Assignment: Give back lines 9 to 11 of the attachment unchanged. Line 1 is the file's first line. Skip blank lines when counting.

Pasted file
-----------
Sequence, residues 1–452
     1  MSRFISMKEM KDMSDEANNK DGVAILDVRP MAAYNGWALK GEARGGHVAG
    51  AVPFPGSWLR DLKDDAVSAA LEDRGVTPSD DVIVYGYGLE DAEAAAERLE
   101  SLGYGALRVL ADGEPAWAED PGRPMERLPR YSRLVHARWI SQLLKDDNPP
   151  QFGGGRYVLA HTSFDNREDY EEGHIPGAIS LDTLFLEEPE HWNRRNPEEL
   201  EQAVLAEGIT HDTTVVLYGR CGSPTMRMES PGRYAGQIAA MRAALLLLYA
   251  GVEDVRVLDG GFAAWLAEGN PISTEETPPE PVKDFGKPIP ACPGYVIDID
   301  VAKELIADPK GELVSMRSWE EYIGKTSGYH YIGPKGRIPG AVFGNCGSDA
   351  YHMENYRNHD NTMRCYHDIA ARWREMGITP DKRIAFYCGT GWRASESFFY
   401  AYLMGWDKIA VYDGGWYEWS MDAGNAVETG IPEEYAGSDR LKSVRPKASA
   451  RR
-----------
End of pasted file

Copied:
   351  YHMENYRNHD NTMRCYHDIA ARWREMGITP DKRIAFYCGT GWRASESFFY
   401  AYLMGWDKIA VYDGGWYEWS MDAGNAVETG IPEEYAGSDR LKSVRPKASA
   451  RR